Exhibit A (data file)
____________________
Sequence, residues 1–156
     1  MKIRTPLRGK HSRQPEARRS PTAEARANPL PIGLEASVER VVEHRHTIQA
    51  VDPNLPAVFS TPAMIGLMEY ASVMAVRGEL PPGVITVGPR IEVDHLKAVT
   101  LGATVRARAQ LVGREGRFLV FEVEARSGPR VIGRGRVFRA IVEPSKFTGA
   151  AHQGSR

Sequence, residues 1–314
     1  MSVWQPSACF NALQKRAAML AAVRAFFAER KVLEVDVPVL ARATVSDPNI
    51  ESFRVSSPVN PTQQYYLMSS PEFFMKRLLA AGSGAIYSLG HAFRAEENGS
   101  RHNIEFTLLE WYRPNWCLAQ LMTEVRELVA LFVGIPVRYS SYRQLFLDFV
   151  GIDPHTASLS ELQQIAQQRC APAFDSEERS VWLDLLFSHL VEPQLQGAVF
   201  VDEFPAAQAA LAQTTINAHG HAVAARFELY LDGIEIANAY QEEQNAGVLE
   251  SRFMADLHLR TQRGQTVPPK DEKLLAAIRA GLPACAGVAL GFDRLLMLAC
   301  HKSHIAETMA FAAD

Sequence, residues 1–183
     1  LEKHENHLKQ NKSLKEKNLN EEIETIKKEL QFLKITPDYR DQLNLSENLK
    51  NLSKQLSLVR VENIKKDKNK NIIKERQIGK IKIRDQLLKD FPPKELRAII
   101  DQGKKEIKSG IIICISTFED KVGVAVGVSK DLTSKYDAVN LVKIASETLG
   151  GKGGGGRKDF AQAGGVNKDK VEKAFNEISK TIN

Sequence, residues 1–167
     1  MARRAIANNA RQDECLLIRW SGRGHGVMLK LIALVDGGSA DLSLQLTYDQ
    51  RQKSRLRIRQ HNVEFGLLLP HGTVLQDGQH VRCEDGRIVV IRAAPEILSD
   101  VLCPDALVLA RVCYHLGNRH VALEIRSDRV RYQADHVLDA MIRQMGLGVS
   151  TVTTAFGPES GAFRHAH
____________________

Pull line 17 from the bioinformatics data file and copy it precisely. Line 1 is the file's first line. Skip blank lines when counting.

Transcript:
   101  DQGKKEIKSG IIICISTFED KVGVAVGVSK DLTSKYDAVN LVKIASETLG